Java 11 is scheduled for release in September 2018 with many additional features and four JDK enhancement proposals or JEPs have been officially targeted at Java 11 and the following versions. Java 10 sports JEP 296, which is for consolidating the JDK forest into a single repository, and JEP 304, which is a garbage collector interface. In other words, JEP 296 is meant for purely housekeeping and JEP 304 is meant for making the production of JDK builds that contains, or excludes a specific GC algorithm easier for vendors. Another Java Enhancement Process that has been in the loop since the release of Java 5 is the capability of sharing files across JVMs to reduce the overall memory footprint when multiple JVMs are running on the same host. But Java 10 extended this feature by introducing the JEP 310 to Oracle JDK, which allows the application and custom class loaders to make use of archive files.
The four JEPs lined up for Java 11 are quite different from all of these common ones in the past versions. JEP 309 is for Dynamic Class File Constants. To understand this, we must know about ‘bootstrapping’ or the ‘bootstrap method, which basically means that the code prepares everything necessary for executing a job later. This is linked to the 'invoke dynamic' opcode. Just like linking an invoke dynamic call site delegates linkage to a bootstrap method, loading the JEP 309 supported Constant_dynamic will delegate creation to the bootstrap method. Thus, JEP 309 essentially extends the Java class file format to reduce the cost and disruption of creating new configurations of materializable class file constants.
This offers a broader range of options for expressivity and performance to the language designers and compiler implementers. Thus, the Constant_Dynamic is a constant-pool form that is new to the community and it can be parameterized with user-provided behavior, particularly in the form of a bootstrap method with static arguments. Although there are a few alternatives to JEP 309, such as equivalent invoke dynamic calls and using static final fields to name the desired constants and making use of the static initializer to compute their values, the practical metadata overheads for stimulating these features are too large.
The next JEP in line is the JEP 318 Epsilon. This is meant for improving the source code isolation of different garbage collectors by introducing a clean garbage collector (GC) interface. However, this is not meant to fully achieve build time isolation. This JEP will simply provide better modularity for Hotspot internal GC code and make it simpler to add a new GC to Hotspot without disturbing the current code base. Every garbage collector needs the existing class CollectedHeap in order to implement the defined GC interface. This CollectedHeap class would be driven by most aspects of the interaction between the garbage collector and the rest of Hotspot and that is why there are a few utility classes, which are needed before instantiation of the CollectedHeap class.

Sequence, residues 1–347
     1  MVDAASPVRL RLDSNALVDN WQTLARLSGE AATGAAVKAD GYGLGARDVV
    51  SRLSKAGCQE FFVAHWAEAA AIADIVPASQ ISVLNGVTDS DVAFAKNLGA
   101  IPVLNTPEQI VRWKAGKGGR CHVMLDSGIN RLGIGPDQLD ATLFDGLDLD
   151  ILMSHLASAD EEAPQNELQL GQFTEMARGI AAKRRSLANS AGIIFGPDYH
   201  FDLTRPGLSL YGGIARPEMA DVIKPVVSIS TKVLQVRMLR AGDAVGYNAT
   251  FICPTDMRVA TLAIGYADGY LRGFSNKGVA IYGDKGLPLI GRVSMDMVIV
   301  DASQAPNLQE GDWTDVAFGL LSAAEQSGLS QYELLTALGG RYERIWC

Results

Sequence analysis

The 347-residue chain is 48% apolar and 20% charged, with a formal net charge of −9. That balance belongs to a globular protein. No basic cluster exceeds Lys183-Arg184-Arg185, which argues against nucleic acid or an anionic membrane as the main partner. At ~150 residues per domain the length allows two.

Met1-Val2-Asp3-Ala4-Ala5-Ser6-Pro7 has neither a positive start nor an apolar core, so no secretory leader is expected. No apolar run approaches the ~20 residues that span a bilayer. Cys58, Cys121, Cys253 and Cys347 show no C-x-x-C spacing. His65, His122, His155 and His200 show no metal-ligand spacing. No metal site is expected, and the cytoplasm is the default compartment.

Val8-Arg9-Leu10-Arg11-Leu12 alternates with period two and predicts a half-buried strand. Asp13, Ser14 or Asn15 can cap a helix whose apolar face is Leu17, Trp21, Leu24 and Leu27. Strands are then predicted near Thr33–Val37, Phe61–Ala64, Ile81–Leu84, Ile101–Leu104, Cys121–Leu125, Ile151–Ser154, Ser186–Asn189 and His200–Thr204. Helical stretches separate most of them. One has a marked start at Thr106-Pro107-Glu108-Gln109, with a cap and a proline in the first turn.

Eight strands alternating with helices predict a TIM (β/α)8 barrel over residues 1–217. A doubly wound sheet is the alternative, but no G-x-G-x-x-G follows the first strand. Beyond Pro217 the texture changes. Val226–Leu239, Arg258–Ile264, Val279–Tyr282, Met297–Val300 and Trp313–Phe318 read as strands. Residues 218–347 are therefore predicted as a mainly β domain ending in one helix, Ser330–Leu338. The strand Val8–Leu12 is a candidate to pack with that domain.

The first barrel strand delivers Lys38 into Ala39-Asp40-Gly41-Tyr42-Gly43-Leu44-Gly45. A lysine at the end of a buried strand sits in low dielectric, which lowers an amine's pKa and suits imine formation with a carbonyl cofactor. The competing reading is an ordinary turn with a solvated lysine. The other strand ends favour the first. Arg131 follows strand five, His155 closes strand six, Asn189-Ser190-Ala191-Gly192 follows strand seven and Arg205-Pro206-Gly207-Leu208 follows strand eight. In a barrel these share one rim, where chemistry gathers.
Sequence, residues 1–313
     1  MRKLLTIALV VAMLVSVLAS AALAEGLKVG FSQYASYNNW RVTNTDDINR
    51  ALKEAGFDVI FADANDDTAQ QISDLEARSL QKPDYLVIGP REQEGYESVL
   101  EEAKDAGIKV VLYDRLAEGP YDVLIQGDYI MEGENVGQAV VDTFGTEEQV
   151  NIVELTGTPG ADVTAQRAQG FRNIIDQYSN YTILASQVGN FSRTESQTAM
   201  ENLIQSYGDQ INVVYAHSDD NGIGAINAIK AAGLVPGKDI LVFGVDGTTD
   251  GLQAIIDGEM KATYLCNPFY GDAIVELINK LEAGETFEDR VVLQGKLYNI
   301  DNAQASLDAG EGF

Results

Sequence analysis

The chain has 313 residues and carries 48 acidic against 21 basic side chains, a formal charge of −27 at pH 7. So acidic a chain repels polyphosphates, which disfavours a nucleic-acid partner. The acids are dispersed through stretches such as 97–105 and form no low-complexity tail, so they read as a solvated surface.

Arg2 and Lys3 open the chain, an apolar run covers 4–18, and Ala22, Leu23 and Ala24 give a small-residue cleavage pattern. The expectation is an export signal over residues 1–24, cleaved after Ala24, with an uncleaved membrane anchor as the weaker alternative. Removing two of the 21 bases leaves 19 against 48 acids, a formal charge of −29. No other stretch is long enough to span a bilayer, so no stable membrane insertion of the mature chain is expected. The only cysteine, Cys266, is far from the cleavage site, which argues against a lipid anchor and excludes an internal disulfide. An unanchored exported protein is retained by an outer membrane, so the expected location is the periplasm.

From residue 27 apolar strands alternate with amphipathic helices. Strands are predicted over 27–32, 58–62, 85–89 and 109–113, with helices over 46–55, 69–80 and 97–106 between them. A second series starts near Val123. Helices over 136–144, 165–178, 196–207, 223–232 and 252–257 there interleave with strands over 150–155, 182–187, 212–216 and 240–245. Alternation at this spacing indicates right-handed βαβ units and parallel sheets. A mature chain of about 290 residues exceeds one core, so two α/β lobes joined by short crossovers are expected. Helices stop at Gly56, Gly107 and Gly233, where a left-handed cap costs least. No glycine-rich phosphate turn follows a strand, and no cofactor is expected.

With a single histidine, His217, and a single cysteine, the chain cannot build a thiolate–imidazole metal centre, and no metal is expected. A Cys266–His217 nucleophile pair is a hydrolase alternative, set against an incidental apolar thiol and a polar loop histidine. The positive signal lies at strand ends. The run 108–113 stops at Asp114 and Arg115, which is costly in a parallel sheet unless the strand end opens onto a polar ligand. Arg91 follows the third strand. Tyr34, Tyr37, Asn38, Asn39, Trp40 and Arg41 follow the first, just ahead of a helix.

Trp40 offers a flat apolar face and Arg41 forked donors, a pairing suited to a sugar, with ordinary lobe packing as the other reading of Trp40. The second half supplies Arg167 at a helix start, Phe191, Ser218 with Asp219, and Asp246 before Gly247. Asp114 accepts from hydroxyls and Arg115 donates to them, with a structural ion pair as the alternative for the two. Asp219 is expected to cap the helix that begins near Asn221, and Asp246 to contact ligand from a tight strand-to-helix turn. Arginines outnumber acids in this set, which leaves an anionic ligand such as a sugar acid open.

A helper class would contain the code for implementation details that are shared between multiple garbage collectors. This allows different GC implementations to use it easily. This is how the new interface provides flexibility to implement totally new barriers while allowing the reuse of existing code in a mix-and-match style. The only alternative to this is continuing to use the current architecture although that will certainly hinder the future development of new GC algorithms and removal of obsolete ones. In other words, this is purely a step towards advancement with minimal risks. Even so, the standard regression tests suites suffice for the JEP 318 as a refactoring of HotSpot internal code is the only risk to the performance. As continuous performance testing can mitigate this, the JEP 318 is expected to basically help with the older JEP 291 CMS Garbage Collector by isolating or maintaining it. The JEP 189: Shenandoah will also be affected, as the JEP 318 Epsilon will make its changes less intrusive.
The JEP 320 is for removing the Java EE and CORBA modules from the Java SE Platform and the JDK. They were already depreciated in an older version with the intention of removing them with future releases. There is no particular need for the Java SE Platform or the JDK to include the standalone versions of the Java EE technologies, as they are readily available from third-party sites, such as Maven Central. Plus, the costs of maintenance of the CORBA support outweigh its benefits since there is absolutely no interest in the development of modern applications with CORBA in Java. Removing all the JDK, JCK and SQE tests that exercise the APIs of Java EE and CORBA will make Java 11 much different from the previous versions.
JEP 323 is introduced with the goal of aligning the syntax of a formal parameter declaration in an implicitly typed lambda expression with the syntax of a local variable declaration. This simply means the use of ‘allow var’ during the declaration of formal parameters of implicitly typed lambda expressions.
How these JEPs fares with the users are yet to be seen.
Also, Read Core Java interview questions
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